Website Design 101: A User Centered Design Process

The online space evolves so fast that the approximate ‘shelf life’ of a website is usually 18 to 30 months.

So, it is important to revisit your website’s look and feel after this period to ensure that it is still relevant and is meeting the requirements it is supposed to.

If you decide to redesign your website, what should be your focus?

Eye-catching design? Unique features? Great content?

While these are important elements for your website, they’re not the starting point. To ensure that your website really stands out and drives conversions – you have to focus on your customer.

What is a User Centered Design Process?

A user-centered design process helps you create your website by focusing on the needs, requirements, feelings, and preferences of your customer.

Once you are able to ascertain what the customer wants to see, you’re able to translate that into accessible and usable interfaces.

Where to start? 

The key here is research.

The starting point is your buyer personas and this information may already be available to you.

When you take a closer look at your buyer persona, you’re able to understand the emotions of your customers, what motivates them, and what drives their decisions. This information is useful in making important decisions about your website’s functionalities and features.

For instance, if you’re working in the insurance industry, you are dealing with individuals with vastly different needs. Your website can help address the concerns these individuals have by different navigation paths for those looking for home, car, life insurance, etc.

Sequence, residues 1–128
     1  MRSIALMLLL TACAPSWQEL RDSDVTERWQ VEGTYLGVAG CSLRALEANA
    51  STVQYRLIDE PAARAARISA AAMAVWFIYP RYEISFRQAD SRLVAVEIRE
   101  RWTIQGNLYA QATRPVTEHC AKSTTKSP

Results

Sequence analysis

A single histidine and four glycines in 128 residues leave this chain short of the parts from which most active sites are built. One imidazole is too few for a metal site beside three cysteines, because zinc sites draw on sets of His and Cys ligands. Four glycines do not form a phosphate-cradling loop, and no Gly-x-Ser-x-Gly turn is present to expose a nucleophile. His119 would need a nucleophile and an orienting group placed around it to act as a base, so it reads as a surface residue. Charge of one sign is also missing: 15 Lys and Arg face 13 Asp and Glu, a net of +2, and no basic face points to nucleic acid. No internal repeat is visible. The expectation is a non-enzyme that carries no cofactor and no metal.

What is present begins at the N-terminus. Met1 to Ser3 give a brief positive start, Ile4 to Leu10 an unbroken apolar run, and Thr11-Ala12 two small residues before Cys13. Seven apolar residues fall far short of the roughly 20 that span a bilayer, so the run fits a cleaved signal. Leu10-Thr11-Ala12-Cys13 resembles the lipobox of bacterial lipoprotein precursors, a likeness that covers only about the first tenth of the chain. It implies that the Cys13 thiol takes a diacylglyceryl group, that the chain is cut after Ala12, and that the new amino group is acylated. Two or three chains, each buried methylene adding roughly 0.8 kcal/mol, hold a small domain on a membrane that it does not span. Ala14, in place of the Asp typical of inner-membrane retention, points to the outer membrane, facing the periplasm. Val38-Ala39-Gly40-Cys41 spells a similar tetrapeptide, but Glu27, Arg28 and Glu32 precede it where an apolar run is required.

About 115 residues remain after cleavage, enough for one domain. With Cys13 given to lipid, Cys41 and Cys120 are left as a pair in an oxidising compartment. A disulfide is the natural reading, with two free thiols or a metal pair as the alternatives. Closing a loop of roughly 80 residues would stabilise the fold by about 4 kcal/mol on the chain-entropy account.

What should you keep in perspective?

A few things that are important to take into consideration when developing a user centered website are:

  • Consistency

If your website has been around for a while, your customers are likely familiar with some of your design concepts. So, unless you’re going for a complete overhaul or rebranding, it makes sense to ensure that the design is not drastically different between the different pages. Customers like consistency in the use of colours and style.

  • Familiarity

Human beings are conditioned to look for patterns and familiar things. For instance, McDonald’s logo or Nike’s slogan are a few things that we just know off the top of our heads. So, if your business has elements that are easily recognizable, it helps to stick to these.

  • Responsiveness

Responsiveness is very important in today’s day and age. Many visitors don’t have the patience to wait for your website to load, especially if they’re new, potential customers. So, it is important to focus on responsiveness, server uptime, removal of broken links, and website speed.

  • Clarity

Clarity and visibility help your users navigate smoothly through your website. A simple indication that the design of your website is confusing is if your users need instructions just to find what they need.

  • Communication

This is perhaps the most important component. Your website should have some way of facilitating your organization’s interaction with your customers. This will not only help improve their experiences and help you identify potential issues but also create a trusted communication channel.

Designing a user-centered website is an iterative process. At Pulsion Marketing, we help you identify and analyze the changing customer needs and ensure that your website not only meets but exceeds these requirements.

To find out more about our website development and digital marketing solutions, call 1-888-701-4441 or visit